Becky Business: Exactly. We “own” the relationship with the other party – the obligations are business obligations. The company gets the benefit, but the business folks are responsible for delivering that benefit.


Bo: And any obligations that are also part of that agreement.


Socrates: Which brings us back to my point. If business folks own these agreements, why are they so hard to read? Doesn’t that jeopardize the potential value of the relationship if we don’t get the full benefit due to “missing” something hidden in the weeds?


Becky Business: I glaze over, but I worry there could be a landmine in there just waiting to get me if I don’t read them—or get my attorney to!


Bo: Well, Becky, I’d say you would make a great business client! But all joking aside, let’s get into it.


Socrates: Here’s what I want: Clarity. Why is it so hard to have a Fair, Even and Safe exchange?


Bo: To get to clarity, I believe we must take a path through How and Why contracts have developed like this. Let’s discuss how both businesspeople and lawyers view contracts, including a bit of history to give context.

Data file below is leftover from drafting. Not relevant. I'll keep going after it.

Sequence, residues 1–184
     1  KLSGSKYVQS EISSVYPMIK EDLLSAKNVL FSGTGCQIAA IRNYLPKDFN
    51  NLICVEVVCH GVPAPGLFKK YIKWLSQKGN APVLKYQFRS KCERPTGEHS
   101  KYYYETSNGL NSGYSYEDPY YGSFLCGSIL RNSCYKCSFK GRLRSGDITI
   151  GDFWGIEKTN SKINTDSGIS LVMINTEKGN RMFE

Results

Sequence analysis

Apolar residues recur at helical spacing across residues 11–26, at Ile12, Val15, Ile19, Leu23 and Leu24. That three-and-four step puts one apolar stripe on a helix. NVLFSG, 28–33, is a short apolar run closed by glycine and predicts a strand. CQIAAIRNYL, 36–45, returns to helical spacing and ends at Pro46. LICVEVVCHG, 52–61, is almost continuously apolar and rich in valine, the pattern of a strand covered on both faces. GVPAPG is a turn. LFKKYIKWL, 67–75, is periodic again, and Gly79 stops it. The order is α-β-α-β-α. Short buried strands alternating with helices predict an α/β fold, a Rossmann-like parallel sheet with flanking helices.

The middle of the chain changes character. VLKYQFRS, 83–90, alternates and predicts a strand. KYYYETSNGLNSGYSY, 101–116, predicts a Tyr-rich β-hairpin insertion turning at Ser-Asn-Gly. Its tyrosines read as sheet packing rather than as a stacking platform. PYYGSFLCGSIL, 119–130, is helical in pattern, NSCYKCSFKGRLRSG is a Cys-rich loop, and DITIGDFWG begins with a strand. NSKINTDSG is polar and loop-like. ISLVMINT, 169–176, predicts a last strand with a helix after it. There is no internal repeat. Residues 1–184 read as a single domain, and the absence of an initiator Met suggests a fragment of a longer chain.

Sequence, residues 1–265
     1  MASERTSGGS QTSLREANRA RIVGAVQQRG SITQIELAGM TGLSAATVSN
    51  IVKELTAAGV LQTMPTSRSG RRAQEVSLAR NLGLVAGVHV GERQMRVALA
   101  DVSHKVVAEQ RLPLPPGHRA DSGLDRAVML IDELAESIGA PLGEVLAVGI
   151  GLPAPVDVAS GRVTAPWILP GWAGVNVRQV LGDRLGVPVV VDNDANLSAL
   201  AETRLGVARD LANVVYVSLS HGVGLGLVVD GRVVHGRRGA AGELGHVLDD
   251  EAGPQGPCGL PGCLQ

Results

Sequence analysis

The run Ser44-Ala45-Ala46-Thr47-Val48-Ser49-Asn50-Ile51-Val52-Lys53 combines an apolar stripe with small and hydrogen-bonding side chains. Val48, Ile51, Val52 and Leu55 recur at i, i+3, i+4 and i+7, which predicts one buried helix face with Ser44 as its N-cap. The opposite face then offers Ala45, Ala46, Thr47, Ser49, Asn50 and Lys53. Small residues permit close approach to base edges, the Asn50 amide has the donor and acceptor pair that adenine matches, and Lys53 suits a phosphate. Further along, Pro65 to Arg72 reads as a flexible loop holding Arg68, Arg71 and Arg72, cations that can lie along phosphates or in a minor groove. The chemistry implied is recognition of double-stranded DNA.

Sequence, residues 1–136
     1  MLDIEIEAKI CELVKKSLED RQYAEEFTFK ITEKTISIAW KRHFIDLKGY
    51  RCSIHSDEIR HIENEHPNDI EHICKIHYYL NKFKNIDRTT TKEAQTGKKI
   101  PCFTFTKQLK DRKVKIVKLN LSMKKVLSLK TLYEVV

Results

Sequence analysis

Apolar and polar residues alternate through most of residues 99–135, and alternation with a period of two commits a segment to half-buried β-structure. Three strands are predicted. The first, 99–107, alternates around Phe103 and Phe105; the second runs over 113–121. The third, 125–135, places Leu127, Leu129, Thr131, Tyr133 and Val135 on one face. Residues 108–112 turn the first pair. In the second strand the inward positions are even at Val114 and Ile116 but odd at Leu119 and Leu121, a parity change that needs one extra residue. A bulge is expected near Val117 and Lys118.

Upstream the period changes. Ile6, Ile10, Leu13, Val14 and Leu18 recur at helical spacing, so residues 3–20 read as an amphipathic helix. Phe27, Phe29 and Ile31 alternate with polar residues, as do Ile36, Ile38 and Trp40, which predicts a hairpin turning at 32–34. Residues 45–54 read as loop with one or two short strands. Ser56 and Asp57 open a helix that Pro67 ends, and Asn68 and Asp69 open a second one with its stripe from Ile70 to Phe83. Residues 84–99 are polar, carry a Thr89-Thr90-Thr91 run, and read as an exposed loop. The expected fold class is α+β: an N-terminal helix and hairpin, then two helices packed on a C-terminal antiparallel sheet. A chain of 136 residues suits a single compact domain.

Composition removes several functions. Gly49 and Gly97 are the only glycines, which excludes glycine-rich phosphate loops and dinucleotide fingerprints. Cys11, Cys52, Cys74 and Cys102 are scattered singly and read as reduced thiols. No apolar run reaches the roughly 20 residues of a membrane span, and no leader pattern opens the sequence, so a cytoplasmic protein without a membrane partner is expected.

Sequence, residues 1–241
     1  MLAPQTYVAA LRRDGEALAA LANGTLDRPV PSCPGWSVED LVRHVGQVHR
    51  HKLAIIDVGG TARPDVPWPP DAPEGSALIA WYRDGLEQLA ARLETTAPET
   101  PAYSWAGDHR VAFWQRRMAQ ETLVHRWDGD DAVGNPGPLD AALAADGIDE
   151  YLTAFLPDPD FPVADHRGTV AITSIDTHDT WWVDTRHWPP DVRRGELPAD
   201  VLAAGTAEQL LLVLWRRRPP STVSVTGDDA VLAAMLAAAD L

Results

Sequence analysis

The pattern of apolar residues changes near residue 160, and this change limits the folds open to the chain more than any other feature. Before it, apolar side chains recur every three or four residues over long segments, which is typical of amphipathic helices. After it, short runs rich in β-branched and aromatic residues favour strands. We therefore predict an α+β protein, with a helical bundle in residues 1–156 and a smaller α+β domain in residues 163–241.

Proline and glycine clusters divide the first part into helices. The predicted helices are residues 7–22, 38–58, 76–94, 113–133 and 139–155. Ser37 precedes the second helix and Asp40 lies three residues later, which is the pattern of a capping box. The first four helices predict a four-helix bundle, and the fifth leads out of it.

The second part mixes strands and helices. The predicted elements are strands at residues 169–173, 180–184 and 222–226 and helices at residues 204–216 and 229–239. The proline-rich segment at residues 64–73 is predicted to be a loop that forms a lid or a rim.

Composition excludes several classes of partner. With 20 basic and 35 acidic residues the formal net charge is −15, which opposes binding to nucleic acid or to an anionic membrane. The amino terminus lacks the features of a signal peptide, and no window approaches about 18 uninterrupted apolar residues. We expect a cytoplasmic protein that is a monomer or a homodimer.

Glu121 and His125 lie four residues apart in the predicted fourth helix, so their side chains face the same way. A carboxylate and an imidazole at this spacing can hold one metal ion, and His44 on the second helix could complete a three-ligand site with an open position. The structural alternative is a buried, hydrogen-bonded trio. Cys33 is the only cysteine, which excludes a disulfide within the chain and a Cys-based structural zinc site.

Becky Business: And let’s plan to bring in some great folks who think about this stuff all the time!


Socrates: You know I love bringing many people to the party. But let’s not make our discussion about the “dark art” of contract drafting or best practices for redlining. Let’s make it about how we got here and how we can make contracting better. Let’s highlight the value!


Becky Business: Deal.


Friends, we know things have gotten out of hand, and getting back to simple isn’t easy at this point. Don’t get me wrong, I do nerd-out on all that redline voodoo as well — I am a lawyer — but there are a lot of excellent sources to turn to about drafting, negotiating and redlining (such as Contract Nerds).


Here are some numbers to consider: